Russian spies 'STOLE Covid vaccine formula and used it to create Sputnik jab'

Sources allegedly told ministers they had evidence that spies working for the Kremlin stole the blueprint for the Oxford / AstraZeneca Covid jab from the multinational pharmaceutical company

Russia’s President Vladimir Putin was introduced to Sputnik V. stung (

Image: Alexei Druzhinin / TASS)

The blueprint for the Oxford / AstraZeneca life-saving jab was reportedly stolen by Russian spies who used it to make their Sputnik V-Jab.

Security sources reportedly told ministers that they have evidence that Kremlin spies stole the blueprint for Covid vaccination and used it to develop their own vaccine.

It is believed that the blueprint and important information were personally stolen by a foreign agent, The sun reported.

Vladimir Putin says he received Sputnik V and asked other Russians to be stung – but the vaccination has not yet been approved internationally, even though 70 countries have signed it.

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A vial of AstraZeneca Covid-19 vaccine
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Image:

Getty Images)

In September, the results of two early clinical studies, conducted in Moscow and published in the UK’s The Lancet, indicated that Russia’s Covid-19 vaccine, which uses technology similar to the Oxford jab, was safe and effective was.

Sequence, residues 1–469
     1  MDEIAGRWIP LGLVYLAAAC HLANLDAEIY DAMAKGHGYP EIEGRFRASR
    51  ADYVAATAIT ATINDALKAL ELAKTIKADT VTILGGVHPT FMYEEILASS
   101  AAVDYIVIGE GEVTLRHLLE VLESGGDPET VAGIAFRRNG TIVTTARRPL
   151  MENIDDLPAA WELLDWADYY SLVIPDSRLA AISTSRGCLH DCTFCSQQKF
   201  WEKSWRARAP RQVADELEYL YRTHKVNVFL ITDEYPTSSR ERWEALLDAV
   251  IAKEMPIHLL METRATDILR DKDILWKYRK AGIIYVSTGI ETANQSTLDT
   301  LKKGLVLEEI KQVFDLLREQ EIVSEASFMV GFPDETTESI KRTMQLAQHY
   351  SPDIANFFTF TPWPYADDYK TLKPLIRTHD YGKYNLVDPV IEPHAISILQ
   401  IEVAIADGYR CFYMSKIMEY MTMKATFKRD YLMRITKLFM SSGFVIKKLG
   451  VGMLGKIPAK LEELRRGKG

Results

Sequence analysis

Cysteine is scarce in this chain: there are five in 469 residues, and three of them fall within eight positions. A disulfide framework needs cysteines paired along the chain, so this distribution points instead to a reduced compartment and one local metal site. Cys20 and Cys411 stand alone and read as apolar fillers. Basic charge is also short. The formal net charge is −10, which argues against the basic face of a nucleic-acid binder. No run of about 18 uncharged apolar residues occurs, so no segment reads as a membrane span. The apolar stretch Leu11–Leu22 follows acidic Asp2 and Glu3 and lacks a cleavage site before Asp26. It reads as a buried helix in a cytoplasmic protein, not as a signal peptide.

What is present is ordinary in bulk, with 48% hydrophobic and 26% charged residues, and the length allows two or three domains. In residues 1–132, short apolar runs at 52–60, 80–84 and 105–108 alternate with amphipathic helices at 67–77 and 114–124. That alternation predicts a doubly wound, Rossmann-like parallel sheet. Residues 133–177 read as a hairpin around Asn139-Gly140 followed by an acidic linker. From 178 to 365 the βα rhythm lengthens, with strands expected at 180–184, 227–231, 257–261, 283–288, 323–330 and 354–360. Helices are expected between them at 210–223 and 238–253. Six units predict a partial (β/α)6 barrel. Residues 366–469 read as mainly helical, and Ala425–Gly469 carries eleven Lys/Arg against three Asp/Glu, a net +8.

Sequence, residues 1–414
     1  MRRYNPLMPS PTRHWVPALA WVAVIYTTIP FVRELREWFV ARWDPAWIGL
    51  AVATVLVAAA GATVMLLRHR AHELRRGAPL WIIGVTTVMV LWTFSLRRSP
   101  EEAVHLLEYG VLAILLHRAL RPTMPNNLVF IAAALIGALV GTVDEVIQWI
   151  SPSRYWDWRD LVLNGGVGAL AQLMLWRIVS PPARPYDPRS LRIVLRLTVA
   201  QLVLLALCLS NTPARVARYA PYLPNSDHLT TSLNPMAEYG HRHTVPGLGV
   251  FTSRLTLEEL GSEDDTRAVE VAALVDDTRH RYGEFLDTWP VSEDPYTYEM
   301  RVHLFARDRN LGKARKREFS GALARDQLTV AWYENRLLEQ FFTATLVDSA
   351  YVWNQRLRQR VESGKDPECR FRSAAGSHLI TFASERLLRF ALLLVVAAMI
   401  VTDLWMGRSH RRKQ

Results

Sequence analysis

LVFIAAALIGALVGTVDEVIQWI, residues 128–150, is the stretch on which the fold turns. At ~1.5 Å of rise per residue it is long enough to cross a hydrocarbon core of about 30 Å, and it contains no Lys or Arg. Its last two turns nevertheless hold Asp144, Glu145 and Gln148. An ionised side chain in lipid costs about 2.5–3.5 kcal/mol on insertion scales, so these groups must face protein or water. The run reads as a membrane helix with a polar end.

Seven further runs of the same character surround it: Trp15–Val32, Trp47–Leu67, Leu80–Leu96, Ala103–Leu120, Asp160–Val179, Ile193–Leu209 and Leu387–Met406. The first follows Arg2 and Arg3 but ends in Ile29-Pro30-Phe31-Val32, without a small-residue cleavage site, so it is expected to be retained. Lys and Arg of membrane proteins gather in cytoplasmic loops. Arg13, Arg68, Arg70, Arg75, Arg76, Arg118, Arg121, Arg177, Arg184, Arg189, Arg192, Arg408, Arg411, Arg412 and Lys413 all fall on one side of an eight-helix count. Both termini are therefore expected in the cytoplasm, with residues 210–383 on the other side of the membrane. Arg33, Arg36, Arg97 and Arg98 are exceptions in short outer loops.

The Russian scientists behind the studies said the vaccination stimulated an immune response in all vaccinated participants and did not cause serious health problems.

The production of antibodies in the patients indicated that the vaccine was able to prepare the body to fight off Covid-19.

Independent Western scientists said the results were “somewhat reassuring,” but warned that the studies were too small and narrow to warrant injecting millions of Russians.

Only 76 people were involved in the study, only half of whom were actually stung, and the volunteers were all healthy, mostly between 20 and 30 years old.

The studies took place in two hospitals in Moscow, Burdenko Hospital and Sechenov University Hospital.

A spokesman for the World Health Organization said Friday that the health agency was “close” to solving the problems with Sputnik V without giving a date for a possible emergency list.

“We solve most problems slowly,” said Fadela Chaib at a briefing in Geneva.

Russian Health Minister Mikhail Murashko said last week that all obstacles to registering the vaccine with the WHO had been removed and that only a few formalities remained.

Sputnik V is also still waiting for approval from the European Medicines Agency before all travel restrictions for people vaccinated with the Russian formula can be lifted.

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